It’s no secret that customer experience – both in person and online – is top of mind for every modern business. Consumers can move from one brand to another with the touch of a button and have more options than ever to obtain the product or service of their choice. If brands don’t deliver the best customer experience possible on their websites and apps, they risk consumers going elsewhere, potentially putting brand loyalty and revenue on the line.
What keeps consumers coming back to a brand or, perhaps more importantly, pushes them elsewhere? Are digital experiences truly that important in what can be a very complex relationship between a brand and its consumers?
Decibel surveyed 1,000 consumers in the U.K. and U.S. to gauge their experiences on websites and apps – the good and the bad – and how those experiences impact brand loyalty. These are the emerging trends:
Sub-Par Digital Experiences Cost Brands
A crashing app. A “cannot load page” message. A page that takes forever to load. We have all felt the pain of a digital experience that just didn’t live up to expectations. But does it cause people to abandon the brand? Decibel found that for many consumers, the answer to that question is a resounding YES. Bad digital experiences do alienate consumers and cost brands.
A whopping 95 percent of respondents will leave a website or app due to a bad experience. And unfortunately for brands, there’s no single frustration that the bad experience can be boiled down to. More than a dozen qualities have a negative effect on consumers’ experiences online, including broken links, links bringing them to the wrong page, and too much scrolling required. The most commonly cited frustration varies slightly between the U.S. and U.K. Americans’ biggest digital frustration, cited by 41 percent of respondents, was having an ad block the page view, and the most common frustration in the U.K. was unacceptably long page load times, with 33 percent citing it as their biggest pain point.
Consumers Are Suffering in Silence
What brands are challenged with, though, is knowing when consumers have these negative experiences and being able to remedy the issue in near-real time. Frustrating digital experiences go unreported almost half of the time, and only eight percent always report a frustrating experience – and that’s consistent across U.K. and U.S. consumers.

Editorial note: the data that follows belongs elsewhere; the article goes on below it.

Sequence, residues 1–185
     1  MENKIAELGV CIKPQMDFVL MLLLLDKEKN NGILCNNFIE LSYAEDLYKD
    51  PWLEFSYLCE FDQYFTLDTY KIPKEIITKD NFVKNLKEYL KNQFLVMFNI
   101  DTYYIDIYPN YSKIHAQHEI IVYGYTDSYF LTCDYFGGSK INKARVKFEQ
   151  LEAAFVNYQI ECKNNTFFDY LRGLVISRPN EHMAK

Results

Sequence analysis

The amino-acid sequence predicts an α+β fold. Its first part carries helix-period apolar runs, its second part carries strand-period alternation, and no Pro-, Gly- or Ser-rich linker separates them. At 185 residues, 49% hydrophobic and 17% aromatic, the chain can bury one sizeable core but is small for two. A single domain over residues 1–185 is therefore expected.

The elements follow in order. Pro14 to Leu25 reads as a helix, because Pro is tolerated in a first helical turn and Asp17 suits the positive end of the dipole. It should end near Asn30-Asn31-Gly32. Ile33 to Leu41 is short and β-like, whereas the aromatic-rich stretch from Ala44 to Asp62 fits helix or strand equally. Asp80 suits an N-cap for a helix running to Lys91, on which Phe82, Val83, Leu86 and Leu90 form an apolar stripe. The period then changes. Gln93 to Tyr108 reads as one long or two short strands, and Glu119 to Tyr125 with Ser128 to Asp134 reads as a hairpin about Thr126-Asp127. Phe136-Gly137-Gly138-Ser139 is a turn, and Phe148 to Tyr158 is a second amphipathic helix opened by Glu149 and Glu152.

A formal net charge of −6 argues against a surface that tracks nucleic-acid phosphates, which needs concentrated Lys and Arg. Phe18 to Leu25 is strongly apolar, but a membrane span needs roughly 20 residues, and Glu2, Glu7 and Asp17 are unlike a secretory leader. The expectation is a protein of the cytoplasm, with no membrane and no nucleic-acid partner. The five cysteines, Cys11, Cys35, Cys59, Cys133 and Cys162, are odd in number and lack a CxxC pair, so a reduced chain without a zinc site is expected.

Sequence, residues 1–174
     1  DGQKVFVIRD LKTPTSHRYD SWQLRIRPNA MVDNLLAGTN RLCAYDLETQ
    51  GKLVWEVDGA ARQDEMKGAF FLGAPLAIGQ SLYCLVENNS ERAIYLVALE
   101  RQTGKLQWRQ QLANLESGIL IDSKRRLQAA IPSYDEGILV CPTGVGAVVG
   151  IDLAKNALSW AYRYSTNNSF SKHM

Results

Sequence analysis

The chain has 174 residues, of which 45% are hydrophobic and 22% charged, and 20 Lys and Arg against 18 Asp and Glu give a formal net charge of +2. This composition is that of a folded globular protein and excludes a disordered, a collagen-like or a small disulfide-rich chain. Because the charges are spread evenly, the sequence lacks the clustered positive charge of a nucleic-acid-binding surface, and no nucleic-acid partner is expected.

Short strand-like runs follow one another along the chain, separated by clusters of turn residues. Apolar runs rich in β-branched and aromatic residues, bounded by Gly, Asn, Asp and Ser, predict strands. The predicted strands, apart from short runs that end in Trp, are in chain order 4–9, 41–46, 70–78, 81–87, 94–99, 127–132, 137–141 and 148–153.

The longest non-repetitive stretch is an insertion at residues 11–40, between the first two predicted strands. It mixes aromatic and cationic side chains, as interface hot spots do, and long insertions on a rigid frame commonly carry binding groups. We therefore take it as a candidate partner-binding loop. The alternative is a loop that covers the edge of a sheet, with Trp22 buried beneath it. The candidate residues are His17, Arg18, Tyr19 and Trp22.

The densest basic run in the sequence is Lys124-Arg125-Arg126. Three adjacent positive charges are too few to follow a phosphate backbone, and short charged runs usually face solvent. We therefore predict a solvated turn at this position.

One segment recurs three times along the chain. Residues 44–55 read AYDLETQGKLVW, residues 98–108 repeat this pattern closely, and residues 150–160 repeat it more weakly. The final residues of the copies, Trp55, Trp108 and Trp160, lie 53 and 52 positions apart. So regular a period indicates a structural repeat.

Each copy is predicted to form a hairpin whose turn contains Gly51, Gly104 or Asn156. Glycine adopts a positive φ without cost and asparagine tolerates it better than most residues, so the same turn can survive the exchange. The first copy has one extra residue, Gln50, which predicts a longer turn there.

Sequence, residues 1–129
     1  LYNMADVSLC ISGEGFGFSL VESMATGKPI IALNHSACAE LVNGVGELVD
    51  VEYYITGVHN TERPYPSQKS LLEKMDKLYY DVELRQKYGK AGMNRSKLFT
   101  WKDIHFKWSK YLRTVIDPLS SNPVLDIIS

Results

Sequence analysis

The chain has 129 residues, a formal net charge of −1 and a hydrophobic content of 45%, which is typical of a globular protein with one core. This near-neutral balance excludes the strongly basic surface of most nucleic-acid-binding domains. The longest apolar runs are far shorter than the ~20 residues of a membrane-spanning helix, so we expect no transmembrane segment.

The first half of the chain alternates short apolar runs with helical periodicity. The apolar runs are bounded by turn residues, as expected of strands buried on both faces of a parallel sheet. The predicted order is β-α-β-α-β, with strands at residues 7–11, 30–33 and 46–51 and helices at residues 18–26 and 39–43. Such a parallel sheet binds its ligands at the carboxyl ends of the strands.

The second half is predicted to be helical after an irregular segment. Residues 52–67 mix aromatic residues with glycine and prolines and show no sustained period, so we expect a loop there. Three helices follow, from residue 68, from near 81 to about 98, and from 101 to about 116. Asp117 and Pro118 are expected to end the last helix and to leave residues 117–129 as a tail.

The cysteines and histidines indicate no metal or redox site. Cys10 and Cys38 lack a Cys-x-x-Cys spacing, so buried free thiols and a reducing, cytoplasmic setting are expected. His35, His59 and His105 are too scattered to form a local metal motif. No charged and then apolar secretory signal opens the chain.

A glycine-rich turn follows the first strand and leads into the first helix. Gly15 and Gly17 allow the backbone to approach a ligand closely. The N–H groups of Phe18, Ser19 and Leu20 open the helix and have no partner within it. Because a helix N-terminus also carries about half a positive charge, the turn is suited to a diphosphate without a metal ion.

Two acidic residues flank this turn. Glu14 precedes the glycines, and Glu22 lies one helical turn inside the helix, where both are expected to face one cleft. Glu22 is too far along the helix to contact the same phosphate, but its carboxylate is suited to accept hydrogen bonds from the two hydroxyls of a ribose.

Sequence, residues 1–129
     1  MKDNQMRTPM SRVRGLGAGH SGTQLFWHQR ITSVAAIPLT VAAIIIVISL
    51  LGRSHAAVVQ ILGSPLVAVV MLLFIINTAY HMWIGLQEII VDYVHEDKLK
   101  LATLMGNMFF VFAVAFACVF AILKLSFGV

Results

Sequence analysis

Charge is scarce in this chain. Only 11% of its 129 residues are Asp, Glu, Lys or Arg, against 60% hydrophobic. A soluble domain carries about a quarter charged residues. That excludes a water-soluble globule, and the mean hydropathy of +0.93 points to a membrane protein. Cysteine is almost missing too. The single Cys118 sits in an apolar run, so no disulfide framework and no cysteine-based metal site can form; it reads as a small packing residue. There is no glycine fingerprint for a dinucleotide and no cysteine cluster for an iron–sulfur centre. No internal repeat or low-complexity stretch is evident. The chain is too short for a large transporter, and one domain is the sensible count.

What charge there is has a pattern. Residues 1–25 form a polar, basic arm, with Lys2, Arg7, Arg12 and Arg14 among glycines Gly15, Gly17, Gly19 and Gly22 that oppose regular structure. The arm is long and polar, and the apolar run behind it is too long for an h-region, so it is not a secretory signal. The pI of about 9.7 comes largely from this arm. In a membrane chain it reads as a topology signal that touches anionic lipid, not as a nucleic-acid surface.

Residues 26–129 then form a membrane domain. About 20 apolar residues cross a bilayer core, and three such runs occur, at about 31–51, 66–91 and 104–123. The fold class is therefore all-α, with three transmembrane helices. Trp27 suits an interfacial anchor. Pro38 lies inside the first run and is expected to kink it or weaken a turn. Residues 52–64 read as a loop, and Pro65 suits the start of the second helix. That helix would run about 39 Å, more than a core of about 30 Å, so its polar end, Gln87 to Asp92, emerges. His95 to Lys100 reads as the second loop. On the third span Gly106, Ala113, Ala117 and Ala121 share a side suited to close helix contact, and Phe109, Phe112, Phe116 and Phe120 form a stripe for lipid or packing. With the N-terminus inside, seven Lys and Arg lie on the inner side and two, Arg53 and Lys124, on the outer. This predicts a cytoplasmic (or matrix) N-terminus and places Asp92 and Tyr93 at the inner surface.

Brands can’t let consumers suffer in silence. Just because consumers don’t report a bad digital experience doesn’t mean they are complacent. Even if people love a brand, nearly 20 percent of respondents say bad experiences impact their brand loyalty a lot, and nearly 60 percent say they’ll go elsewhere if they can get the same product at another vendor with a better experience.
Knowing that consumers are unlikely to report bad digital experiences and are even more likely to reconsider their brand loyalty as a result, how can brands keep them engaged?
Brands Need to Bring Back the Basics, Not the Buzzwords
Decibel found a silver lining among the data: consumers’ expectations are seemingly quite simple when it comes to creating a positive experience – they want fast, easy to navigate pages, not complex, interactive experiences.
The bottom line: while flashy experiences like personalized content, slick videos and virtual tours can capture prospects’ attention, they will prove ineffective in driving transactions and maintaining customer loyalty if the brand does not meet the core needs of digital users—simplicity and speed. Before brands try to create “cool factor” experiences, they must perfect website fundamentals.
Creating a positive digital customer experience is essential to remaining relevant and driving revenue. The key is for brands to understand when such experiences go haywire. With consumers reluctant or refusing to report a bad experience, brands cannot rely on traditional analytics like surveys or Net Promoter Scores, which were designed for a world that operated largely offline.
Only when brands can quantify digital customer behavior at scale can they effectively create, measure and optimize experiences online. They must understand what happens between the clicks to ensure they know not just what their customers are doing, but how they are feeling so they can make improvements before consumers reach their digital boiling points.